Chris Christie may have enjoyed a boost in popularity in New Jersey after Hurricane Sandy, and some even blamed his embrace of Obama for Mitt Romney's loss last November. For his part, MSNBC's Chris Matthews couldn't hold in his excitement about how Hurricane Sandy helped Obama in the final days of the presidential campaign.
- Forty-one percent in the affected counties said they sought help from friends, family or neighbors, with about 6 in 10 of those who got the help saying it was deeply helpful.
- Sixteen percent said they contacted the federal government, and 7 percent said they contacted their state government, in the wake of the storm. Nineteen percent who sought help from the federal government said it was helpful; twice as many (38 percent) said the feds were no help at all.
- Along with friends, family and neighbors, first responders were also viewed as helpful by most in the affected areas. Sixty percent of those surveyed who turned to first responders for help said they provided quite a bit or a great deal of assistance.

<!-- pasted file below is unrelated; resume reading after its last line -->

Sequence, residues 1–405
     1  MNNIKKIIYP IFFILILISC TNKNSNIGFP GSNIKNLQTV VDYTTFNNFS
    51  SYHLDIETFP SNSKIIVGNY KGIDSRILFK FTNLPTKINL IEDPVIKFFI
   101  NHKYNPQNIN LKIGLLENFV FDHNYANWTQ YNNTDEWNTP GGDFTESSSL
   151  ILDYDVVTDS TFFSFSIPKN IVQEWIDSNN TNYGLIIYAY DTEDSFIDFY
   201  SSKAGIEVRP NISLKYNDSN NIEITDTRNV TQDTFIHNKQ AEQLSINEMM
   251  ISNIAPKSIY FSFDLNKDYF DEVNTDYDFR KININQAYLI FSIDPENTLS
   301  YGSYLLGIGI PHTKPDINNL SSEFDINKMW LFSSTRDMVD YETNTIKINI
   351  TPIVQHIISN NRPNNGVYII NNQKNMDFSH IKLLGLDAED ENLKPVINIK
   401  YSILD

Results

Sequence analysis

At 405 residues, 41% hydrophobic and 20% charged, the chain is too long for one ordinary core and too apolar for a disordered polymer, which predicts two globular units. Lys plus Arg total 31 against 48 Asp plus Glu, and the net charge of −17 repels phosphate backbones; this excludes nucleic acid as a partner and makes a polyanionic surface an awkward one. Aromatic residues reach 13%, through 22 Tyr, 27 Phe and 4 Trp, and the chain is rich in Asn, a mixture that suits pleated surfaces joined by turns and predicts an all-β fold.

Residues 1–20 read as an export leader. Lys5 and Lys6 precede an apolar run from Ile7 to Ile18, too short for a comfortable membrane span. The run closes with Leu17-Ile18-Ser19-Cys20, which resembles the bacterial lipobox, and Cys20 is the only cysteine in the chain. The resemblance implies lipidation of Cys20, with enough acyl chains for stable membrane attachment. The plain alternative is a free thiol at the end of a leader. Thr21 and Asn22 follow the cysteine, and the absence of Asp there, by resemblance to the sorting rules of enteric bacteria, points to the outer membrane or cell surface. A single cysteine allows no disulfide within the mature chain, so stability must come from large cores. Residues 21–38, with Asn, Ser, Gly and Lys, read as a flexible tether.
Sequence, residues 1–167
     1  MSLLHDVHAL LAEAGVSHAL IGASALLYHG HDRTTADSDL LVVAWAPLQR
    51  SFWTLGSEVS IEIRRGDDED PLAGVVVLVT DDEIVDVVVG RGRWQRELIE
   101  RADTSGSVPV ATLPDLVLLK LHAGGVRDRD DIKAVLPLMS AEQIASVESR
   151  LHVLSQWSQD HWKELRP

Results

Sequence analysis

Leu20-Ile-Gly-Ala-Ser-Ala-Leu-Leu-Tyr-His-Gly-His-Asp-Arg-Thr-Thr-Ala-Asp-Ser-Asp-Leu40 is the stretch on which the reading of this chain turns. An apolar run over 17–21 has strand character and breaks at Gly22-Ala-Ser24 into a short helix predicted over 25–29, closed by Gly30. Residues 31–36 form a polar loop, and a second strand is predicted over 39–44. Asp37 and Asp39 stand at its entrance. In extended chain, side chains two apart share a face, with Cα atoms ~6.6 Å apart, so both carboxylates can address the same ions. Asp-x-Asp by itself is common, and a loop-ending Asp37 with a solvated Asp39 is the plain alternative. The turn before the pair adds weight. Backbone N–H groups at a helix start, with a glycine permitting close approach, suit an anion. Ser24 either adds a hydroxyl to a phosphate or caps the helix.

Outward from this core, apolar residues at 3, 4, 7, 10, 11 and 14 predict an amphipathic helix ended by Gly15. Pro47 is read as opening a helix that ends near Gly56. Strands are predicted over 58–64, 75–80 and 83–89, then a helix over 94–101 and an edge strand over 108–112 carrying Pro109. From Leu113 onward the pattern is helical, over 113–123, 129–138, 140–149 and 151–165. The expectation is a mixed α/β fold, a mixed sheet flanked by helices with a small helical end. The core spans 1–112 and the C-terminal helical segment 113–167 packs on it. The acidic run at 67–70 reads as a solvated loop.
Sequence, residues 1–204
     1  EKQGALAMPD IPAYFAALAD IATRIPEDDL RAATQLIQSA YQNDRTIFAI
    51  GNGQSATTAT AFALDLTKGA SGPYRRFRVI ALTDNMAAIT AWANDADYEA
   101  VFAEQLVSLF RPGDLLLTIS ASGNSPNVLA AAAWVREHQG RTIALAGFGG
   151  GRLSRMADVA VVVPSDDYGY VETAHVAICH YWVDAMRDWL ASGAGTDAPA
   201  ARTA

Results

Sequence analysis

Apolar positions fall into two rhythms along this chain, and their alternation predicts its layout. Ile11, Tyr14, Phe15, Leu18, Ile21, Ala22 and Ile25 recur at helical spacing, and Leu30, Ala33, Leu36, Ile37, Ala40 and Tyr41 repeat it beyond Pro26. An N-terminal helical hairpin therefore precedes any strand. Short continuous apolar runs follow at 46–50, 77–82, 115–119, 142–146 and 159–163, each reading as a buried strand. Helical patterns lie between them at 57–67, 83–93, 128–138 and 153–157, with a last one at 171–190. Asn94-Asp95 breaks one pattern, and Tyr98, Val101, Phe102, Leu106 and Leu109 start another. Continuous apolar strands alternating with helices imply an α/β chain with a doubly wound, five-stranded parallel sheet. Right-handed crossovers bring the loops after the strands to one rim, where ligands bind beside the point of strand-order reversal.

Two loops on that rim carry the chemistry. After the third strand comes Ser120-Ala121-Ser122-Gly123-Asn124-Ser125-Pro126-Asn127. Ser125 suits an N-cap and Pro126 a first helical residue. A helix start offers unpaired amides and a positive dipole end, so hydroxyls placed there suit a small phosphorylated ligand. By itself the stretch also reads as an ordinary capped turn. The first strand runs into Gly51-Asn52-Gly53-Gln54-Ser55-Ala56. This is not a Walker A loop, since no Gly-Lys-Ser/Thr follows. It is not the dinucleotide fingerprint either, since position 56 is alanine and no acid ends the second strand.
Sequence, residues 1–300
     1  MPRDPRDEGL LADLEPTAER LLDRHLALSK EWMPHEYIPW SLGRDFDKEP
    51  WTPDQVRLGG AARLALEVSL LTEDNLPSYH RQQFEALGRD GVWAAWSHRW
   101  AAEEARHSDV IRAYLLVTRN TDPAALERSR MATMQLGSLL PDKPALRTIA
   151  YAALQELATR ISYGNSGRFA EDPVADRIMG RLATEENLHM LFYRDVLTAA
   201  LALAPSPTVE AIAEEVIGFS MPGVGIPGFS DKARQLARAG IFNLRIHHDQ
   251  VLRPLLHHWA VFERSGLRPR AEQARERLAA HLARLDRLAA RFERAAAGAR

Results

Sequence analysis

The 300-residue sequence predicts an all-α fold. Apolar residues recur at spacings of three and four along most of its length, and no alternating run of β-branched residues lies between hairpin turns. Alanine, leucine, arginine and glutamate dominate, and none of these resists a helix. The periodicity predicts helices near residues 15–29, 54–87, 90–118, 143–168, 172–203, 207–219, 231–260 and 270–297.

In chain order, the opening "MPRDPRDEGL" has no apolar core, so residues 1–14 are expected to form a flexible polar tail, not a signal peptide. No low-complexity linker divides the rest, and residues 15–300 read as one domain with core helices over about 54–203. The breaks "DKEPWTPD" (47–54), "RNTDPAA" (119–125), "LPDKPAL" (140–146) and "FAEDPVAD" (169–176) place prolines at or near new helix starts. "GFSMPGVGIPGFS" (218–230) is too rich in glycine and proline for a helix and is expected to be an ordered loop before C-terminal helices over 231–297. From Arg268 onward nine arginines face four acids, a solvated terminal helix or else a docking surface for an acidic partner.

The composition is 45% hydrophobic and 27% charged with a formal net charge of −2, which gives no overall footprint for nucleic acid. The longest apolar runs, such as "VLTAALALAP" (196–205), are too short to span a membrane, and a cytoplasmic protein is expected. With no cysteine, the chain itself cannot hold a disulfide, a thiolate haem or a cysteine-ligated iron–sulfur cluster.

- In the event a major disaster were to happen in their neighborhood today, 7 in 10 Americans say they would be able to rely a great deal or quite a bit on their local police, fire department, ambulance and other first responders for help.
- Thirty-one percent of those who asked utility companies for help reported they received at least quite a bit of help during or after the storm. Fewer called state and federal governments helpful, with 26 percent and 19 percent, respectively, reporting receiving a great deal or quite a bit of help from those sources.
President Obama's spent a lot of time trying to link federal spending to first responders like firefighters and police officers when those are all functions traditionally performed by local governments or even volunteer groups.
The federal government, nevertheless, has been seeking to subsidize and control local government through grants more than willingly accepted by local and state politicians, and has used natural disasters like hurricanes for a long time to exaggerate its indispensability and write blank checks in times of crisis.